The cruise industry continues the path of unprecedented growth, and according to new figures released in CLIA’s 2016 Economic Impact Analysis passengers and crew spent a cumulative $21.9 billion in 2016. Putting additional numbers to the trend, Cruise Lines International Association (CLIA) reports that the industry had a $48B impact on the U.S. economy, generating 389,432 U.S. jobs paying more than $20.5 billion in wages and salaries, powered by nearly 12 million passengers embarking at U.S. ports.
All of this economic activity has spurred unprecedented new shipbuilding activity, one of the lone bright spots in an otherwise dour maritime market. New ships are being designed and ordered at a record clip, in the big oceangoing cruise segment down to specialty/adventure cruisers and a new generation of inland cruise riverboats.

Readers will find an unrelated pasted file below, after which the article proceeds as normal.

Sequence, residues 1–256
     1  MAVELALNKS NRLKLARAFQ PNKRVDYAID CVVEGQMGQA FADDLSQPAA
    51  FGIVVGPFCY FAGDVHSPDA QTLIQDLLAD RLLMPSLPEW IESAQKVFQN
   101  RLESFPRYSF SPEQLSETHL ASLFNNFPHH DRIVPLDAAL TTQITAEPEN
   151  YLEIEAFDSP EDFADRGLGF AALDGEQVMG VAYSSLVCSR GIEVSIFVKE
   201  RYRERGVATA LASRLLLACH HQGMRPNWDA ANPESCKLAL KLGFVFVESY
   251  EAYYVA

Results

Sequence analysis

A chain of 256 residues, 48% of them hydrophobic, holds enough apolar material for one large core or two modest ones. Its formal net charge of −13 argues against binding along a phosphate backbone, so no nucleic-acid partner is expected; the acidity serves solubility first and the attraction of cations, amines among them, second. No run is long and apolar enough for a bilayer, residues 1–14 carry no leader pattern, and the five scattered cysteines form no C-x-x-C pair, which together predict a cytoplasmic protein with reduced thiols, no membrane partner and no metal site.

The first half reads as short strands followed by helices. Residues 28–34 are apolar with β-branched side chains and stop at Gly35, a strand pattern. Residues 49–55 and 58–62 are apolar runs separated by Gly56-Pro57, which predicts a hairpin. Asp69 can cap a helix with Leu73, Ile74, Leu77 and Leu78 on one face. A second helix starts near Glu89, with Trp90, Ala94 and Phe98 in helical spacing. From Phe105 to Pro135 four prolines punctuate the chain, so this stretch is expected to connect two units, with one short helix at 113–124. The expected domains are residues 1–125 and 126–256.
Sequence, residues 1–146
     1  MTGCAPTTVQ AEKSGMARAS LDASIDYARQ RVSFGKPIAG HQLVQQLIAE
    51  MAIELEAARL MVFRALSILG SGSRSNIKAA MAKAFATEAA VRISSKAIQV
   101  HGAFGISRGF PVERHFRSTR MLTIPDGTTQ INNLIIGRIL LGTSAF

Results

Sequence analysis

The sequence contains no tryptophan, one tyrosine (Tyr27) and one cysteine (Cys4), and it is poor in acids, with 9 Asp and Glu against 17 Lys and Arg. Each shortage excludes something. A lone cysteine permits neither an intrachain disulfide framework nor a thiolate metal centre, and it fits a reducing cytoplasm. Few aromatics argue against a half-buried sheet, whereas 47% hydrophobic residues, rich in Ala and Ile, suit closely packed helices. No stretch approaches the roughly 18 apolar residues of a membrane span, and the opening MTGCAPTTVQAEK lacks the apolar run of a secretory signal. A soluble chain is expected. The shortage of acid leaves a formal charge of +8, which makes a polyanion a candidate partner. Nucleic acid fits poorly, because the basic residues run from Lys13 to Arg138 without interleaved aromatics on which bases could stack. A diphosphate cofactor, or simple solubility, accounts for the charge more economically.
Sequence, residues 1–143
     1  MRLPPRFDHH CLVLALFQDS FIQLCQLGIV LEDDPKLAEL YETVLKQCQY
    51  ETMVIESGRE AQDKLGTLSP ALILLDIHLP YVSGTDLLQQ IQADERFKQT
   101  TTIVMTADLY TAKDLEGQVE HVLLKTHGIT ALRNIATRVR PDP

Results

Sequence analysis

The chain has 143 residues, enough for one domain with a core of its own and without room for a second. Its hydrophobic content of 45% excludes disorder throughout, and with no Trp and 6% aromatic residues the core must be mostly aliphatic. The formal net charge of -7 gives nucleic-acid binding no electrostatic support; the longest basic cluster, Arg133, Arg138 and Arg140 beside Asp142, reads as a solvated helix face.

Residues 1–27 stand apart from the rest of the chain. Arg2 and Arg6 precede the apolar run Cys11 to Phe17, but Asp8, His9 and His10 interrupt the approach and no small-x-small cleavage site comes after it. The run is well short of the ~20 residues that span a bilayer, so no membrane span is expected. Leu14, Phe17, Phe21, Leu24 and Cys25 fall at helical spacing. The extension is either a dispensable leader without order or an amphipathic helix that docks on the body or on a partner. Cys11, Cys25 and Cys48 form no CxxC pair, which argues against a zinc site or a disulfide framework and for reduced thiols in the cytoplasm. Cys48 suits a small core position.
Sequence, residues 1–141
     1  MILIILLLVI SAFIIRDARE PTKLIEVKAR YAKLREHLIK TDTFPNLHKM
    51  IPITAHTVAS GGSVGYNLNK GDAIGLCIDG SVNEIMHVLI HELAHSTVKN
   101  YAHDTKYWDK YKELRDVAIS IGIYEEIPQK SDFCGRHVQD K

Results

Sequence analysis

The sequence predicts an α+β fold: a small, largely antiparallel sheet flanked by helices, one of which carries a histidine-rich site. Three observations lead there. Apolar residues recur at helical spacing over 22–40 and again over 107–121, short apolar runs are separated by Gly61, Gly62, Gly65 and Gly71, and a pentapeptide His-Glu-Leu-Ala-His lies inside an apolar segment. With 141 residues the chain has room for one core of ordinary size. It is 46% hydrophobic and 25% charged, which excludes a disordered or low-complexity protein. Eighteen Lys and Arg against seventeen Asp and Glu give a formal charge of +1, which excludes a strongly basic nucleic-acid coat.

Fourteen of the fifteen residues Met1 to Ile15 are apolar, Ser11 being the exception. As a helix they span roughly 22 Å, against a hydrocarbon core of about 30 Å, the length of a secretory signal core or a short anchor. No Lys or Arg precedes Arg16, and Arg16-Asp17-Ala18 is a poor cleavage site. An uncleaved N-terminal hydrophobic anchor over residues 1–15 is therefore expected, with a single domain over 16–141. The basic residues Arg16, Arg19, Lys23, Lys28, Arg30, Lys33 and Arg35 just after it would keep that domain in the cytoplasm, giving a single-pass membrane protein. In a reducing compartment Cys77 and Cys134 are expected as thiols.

The study reports records in terms of embarkation, 11.66 million cruise passengers worldwide embarked from U.S. ports in 2016 a 5.4 percent since 2014. Florida remains the clear leader, with a lions share -- 7.08 million embarkations in 2016, more than 60% of all U.S. Cruise embarkatins. While Florida remains in the lead, strong growth was registered in California, driven by skyrocketing demand from Long Beach
CLIA’s 2016 Economic Impact Analysis was an independent study conducted by Business Research and Economic Advisors (BREA).